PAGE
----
The Nottingham BBSRC Doctoral Training Partnership is pleased to be able to offer an opportunity join our programme from October 2022 to work on a fully-funded PhD in the School of Medicine, University of Nottingham, in partnership with the Sam White Legacy - a charity which supports childhood and young adult brain tumour research.
Metabolomic profiling of neurodevelopmental programs in healthy brain which promote cancerous growth
For the malignant brain cancer, ‘glioblastoma’, patients are asymptomatic during early stages of disease, likely explained by cancer cells functionally interacting with healthy neural cells and thereby ‘hiding’. This means that for improved therapy, we need to study how this deadly association promotes phenotypes characteristic of brain cancer.
Recent neuroscientific evidence has revealed that biochemical and electrochemical signalling from the healthy brain, can foster a microenvironment which promotes dysregulated growth. However, the underlying functional relationship remains unclear. Metabolomics is the study of chemical processes involving metabolites and is an integral technology for understanding the function of biological systems. To date, no metabolomic studies have been conducted to elucidate biochemical communication between healthy and cancerous brain cells.
The overarching project hypothesis states that neural communication between healthy astrocytes and dysregulated, transformed neural cells, is characterised by aberrant metabolomic signatures.
You will test this hypothesis by co-culturing 3-dimensional spheroids composed of transgenic glioblastoma patient-derived cells tagged with a fluorescent reporter gene, and human astrocytes from the brain cortex. Spheroids will be placed onto decellularised human (autopsy) brain extracellular matrix to retain physiologically accurate signalling from ligands on the surface of this matrix.
To investigate whether astrocytic-cancerous communication varies during distinct neurodevelopmental states, cells will be maintained in conditions which enrich either neural stem cells or lineage-committed progenitor cells. Upon periods of co-culture, glioblastoma cells and astrocytes will be isolated by fluorescence-activated cell sorting. Liquid-chromatography mass spectrometry will be conducted on each cellular population to reveal metabolomic profiles putatively associated with this biochemical crosstalk. Finally, to validate research findings, metabolomics will be conducted on primary tumour tissue isolated from patients undergoing surgery.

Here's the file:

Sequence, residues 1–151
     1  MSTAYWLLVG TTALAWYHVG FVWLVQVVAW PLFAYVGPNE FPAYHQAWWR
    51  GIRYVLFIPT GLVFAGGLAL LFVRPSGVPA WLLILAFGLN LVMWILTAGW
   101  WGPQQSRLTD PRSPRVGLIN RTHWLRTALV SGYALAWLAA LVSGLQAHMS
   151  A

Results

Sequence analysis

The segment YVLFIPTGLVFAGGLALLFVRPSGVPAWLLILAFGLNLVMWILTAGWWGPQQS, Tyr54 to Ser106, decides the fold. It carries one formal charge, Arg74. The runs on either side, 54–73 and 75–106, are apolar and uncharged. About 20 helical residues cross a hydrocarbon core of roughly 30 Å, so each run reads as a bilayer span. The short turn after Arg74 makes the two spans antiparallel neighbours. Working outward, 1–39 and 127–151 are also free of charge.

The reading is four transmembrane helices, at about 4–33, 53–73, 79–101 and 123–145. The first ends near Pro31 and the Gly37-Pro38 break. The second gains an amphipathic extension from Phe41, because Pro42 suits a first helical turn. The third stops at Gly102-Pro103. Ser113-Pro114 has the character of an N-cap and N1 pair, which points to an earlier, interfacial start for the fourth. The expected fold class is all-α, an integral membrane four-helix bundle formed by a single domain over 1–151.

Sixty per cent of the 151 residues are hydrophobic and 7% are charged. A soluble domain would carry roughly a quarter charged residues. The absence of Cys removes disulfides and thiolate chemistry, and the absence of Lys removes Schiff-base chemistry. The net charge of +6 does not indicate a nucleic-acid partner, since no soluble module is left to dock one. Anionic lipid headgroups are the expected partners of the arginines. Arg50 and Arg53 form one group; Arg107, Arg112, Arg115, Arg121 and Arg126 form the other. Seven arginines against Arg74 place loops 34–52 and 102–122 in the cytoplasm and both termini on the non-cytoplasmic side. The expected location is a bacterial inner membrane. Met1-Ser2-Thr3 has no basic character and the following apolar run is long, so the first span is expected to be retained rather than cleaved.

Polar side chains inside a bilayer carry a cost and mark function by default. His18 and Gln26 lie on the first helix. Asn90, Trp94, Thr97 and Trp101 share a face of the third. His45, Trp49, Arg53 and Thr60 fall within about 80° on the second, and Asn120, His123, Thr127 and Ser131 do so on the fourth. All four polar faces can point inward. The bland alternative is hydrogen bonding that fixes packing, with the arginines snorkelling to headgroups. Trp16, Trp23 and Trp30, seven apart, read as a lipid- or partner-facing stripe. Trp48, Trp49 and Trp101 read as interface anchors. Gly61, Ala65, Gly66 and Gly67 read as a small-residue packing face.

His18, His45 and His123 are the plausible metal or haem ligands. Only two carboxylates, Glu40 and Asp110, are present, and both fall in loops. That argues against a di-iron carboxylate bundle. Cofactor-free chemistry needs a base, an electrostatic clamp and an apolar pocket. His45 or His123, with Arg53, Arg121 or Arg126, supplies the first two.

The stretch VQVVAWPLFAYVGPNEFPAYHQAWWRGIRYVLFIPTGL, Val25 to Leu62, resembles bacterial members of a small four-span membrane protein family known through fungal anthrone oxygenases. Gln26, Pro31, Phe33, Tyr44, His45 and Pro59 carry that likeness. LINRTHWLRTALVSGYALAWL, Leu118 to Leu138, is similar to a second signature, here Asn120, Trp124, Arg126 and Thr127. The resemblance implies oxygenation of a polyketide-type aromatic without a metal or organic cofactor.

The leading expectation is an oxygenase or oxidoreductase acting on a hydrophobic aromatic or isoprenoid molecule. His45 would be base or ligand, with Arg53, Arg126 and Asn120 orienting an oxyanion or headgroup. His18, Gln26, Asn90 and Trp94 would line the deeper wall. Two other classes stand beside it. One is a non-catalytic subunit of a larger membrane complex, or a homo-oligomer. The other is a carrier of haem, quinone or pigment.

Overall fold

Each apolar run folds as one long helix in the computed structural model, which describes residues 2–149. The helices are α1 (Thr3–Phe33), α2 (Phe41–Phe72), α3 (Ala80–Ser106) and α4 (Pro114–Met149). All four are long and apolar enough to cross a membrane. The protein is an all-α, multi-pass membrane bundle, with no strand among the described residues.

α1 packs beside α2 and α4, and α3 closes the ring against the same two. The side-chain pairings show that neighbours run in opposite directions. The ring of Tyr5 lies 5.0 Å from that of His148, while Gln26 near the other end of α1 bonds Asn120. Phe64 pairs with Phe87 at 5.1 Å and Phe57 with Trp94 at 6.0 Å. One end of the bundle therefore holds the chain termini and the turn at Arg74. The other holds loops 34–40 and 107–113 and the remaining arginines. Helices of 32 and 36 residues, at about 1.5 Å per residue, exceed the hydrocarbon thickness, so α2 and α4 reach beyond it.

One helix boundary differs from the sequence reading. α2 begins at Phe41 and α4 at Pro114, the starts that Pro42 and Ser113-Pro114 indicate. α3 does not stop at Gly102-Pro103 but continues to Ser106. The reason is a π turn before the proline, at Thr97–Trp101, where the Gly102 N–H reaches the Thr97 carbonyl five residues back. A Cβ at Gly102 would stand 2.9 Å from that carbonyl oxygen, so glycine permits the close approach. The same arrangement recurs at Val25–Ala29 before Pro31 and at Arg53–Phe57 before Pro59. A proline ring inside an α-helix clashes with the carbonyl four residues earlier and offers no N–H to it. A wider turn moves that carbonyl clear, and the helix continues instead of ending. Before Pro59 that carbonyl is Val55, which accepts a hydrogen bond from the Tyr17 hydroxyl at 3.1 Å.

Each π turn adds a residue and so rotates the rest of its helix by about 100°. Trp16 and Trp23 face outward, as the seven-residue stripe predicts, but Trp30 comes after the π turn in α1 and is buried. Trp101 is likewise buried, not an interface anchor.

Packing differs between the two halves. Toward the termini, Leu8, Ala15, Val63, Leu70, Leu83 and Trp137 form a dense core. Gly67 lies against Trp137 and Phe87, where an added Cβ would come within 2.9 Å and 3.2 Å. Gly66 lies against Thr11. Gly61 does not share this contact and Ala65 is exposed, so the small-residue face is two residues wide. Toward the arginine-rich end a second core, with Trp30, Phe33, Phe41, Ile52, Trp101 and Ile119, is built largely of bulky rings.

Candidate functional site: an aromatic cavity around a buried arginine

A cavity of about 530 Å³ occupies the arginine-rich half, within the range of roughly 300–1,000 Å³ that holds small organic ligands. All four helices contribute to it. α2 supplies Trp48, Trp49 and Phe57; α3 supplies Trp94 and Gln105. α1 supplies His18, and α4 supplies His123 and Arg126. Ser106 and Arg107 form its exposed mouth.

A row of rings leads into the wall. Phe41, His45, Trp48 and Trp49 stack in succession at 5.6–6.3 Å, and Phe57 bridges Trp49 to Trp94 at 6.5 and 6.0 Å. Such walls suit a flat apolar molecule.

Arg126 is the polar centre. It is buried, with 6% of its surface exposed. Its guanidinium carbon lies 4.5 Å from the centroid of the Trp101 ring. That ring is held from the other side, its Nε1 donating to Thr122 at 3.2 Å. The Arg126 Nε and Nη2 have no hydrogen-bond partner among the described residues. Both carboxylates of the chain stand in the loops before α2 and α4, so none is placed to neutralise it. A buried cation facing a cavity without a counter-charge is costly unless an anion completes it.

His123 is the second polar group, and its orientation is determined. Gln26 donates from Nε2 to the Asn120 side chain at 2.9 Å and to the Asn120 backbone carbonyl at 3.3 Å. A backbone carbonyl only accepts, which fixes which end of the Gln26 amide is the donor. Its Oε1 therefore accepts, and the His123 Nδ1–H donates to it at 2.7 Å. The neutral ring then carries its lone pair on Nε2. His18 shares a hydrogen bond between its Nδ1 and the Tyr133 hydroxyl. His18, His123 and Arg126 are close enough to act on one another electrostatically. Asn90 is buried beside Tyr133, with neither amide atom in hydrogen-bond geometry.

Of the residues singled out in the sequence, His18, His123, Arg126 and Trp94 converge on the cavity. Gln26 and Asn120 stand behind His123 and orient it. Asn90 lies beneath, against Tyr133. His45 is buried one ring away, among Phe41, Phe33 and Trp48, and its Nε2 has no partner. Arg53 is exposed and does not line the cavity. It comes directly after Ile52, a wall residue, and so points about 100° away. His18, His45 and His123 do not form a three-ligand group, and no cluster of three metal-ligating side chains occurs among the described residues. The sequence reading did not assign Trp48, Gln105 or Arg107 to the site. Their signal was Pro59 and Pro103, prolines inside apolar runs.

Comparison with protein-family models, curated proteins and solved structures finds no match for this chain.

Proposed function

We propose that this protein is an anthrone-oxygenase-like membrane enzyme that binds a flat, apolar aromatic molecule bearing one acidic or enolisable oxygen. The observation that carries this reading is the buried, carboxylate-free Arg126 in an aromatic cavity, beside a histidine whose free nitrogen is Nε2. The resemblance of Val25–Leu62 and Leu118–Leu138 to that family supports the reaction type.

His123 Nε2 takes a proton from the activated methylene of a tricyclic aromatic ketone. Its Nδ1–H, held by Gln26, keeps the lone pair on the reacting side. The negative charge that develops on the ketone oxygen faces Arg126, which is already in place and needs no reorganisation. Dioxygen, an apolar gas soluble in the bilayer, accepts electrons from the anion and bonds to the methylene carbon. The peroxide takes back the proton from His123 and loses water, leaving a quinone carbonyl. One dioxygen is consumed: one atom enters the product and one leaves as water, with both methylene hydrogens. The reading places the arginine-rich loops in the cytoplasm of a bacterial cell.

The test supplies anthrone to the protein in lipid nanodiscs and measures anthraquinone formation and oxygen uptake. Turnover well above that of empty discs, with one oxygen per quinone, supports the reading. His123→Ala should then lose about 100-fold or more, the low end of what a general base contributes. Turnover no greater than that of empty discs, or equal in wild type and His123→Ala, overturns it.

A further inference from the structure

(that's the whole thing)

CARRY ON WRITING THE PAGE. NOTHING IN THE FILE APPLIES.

The project involves a multidisciplinary academic and clinical team led by Dr Ruman Rahman and based within the new Biodiscovery Institute, which houses the university’s Centre for Cancer Sciences. You will also be co-supervised by Dr Dong-Hyun Kim with access to the Centre for Analytical Bioscience at the School of Pharmacy, and by Dr Stuart Smith with access to brain tumour tissue derived from the Queen’s Medical Centre, Department of Neurosurgery.
These partnerships will ensure training in molecular biology, mammalian primary cell culture, mass spectrometry, omics data analyses and advanced statistics, all within a clinically relevant context.
This fully funded 4-year PhD studentship is available in the School of Medicine, University of Nottingham. It is jointly funded by BBSRC through the Nottingham BBSRC Doctoral Training Programme, and by the Sam White Legacy, a charity which supports childhood and young adult brain tumour research. Candidates applying for this studentship will not undertake lab rotations, but will start working on this project immediately following DTP induction. You will be expected to complete a 3-month Professional Internship for PhD Students as part of your DTP programme.
Funding is available for four years from late September 2022. The award covers the tuition fee (£4,567) at the home rate plus an annual stipend (£16,062) for 2022. This is set by the Research Councils. Only candidate with UK fees status are currently eligible to apply.
Apply online now.